Just looking to make some extra money not get famous. Just not sure how low I should accept for a gig. With the gig that paid me 150 I had a lot of work to do with learning the songs and making sure I knew then before show time. And dealing with the stress of few rehearsals and a last minute cram session by the entire band. But that is out of the way and under my belt. I can now just refresh with the CD, show up and play when asked. So long as it's in the area I don't need any big money but I am thinking there should be a minimum. The guy has about 700 CD's to sell having pressed 1000 of them. Sold over 250 copies at the show.
  9. Hired gun payment is local market dependent. It sounds like you got hired by a fairminded artist. Milk it for what you think it's worth for your ongoing expertise.
  10. Metalbasspro


    Feb 9, 2009
    I suppose so. In my area we are out of the way for the touring bands and the minor bands don't get out here much. We do have a casino that sees some national acts but it's limited. Shortage of bass players, those that are here few are good players.
  11. Jeff Elkins

    Jeff Elkins Supporting Member

    Sep 13, 2007
    East Tennessee
    Not really a pro, but in Nashville I made ~$50 a night, plus expenses (food/beer) playing for indie singer/songwriters, which seemed the going rate to learn 10 songs. Ish. If I liked their stuff, I'd rehearse with them for free, but generally rehearsals were paid half that, and we'd get 1, if/when the artist could get all the players together. If they dug me, there were more gigs, fewer rehearsals.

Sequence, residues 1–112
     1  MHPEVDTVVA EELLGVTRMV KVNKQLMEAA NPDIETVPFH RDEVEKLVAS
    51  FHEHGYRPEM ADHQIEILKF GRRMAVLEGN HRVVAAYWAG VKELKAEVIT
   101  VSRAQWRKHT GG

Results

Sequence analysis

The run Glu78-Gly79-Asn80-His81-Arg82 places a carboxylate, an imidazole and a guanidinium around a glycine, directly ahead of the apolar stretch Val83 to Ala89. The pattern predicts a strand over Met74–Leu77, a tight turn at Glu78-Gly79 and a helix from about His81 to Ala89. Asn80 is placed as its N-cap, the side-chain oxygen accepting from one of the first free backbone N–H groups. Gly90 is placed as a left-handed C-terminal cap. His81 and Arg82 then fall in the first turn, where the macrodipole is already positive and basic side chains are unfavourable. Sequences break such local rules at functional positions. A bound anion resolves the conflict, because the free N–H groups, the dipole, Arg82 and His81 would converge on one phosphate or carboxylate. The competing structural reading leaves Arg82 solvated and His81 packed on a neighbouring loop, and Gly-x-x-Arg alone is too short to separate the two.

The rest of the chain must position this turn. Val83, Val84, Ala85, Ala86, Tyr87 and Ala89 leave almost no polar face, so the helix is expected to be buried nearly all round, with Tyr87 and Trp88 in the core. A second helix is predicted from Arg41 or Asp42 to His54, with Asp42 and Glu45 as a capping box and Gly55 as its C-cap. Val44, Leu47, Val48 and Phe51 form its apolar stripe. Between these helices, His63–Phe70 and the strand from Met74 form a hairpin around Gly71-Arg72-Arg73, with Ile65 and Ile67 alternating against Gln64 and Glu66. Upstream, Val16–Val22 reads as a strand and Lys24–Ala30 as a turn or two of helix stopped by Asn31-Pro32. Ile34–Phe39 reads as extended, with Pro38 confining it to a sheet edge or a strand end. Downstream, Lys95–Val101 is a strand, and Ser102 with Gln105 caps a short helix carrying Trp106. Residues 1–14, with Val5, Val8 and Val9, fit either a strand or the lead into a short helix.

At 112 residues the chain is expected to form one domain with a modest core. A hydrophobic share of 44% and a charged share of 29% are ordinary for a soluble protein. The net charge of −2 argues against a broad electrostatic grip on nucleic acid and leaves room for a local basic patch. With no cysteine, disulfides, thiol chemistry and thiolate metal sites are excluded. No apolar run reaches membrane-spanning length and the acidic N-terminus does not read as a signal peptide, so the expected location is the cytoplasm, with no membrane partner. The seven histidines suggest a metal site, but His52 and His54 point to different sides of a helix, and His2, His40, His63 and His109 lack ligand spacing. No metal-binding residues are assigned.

For $100 *I* would do a four hours cover gig or a 45 minute originals show, and throw in one rehearsal. But I wouldn't do grueling rehearsals (plural) without getting paid for them specifically.
    Sounds like you did well, first time off the blocks!
  12. Kmonk


    Oct 18, 2012
    South Shore, Massachusetts
    Endorsing Artist: Fender, Spector, Ampeg, Curt Mangan Strings, Nordstrand Pickups, Korg Keyboards
    Seems to me that the guy who did the cd already set the standard by paying you $150. I would use that as a starting point but wouldn't take less than $100. If the crowds get bigger, ask for a little more.
  13. That's why I mentioned prospects for future work. A string of one-offs where each gig needs extensive prep and rehearsal can be a huge pain. Repeat work on multiple projects should be the goal, but a lot of that is always out of your hands in this kind of work. All you can do is bring your best to the table.
  14. +1. ^^^ This is good advice.
  15. dls119


    Jun 27, 2013
    Northern Virginia
  16. ChrisB2

    ChrisB2 Bass... in your fass

    Feb 27, 2008
    TalkBass > Off Topic
  17. headband


    Oct 18, 2013
    Lately I haven't done much "gun for hire" playing, but I would typically charge $100 for a three hour show, maybe more for 4 hours. I have played $75 for a two hour show - they are easy money. I would include one rehearsal in this (assuming that I didn't have to drive a long distance), and that I am already somewhat familiar with the material. I live in a metro area of 300,000 - not big, but not rural, either.
    Sounds like you are off to a good start.
  18. Metalbasspro


    Feb 9, 2009
    I think the population in the town I am in is around 56,000 plus the town over the river adding some more. Up the Hill is Moscow but not sure how many people come down for the shows.

    The 150 bucks I was paid was paid out by the guy who produced the CD, he also played on it and played Guitar live for the show.

    He's done with the project now so not sure what the mentality or philosophy will be with the Artist himself and his wife/manager.

    I may not even get a call, they may find someone who works for free. We'll see but I do expect a call because I was very professional throughout the process leading to the show and played almost perfect at the show.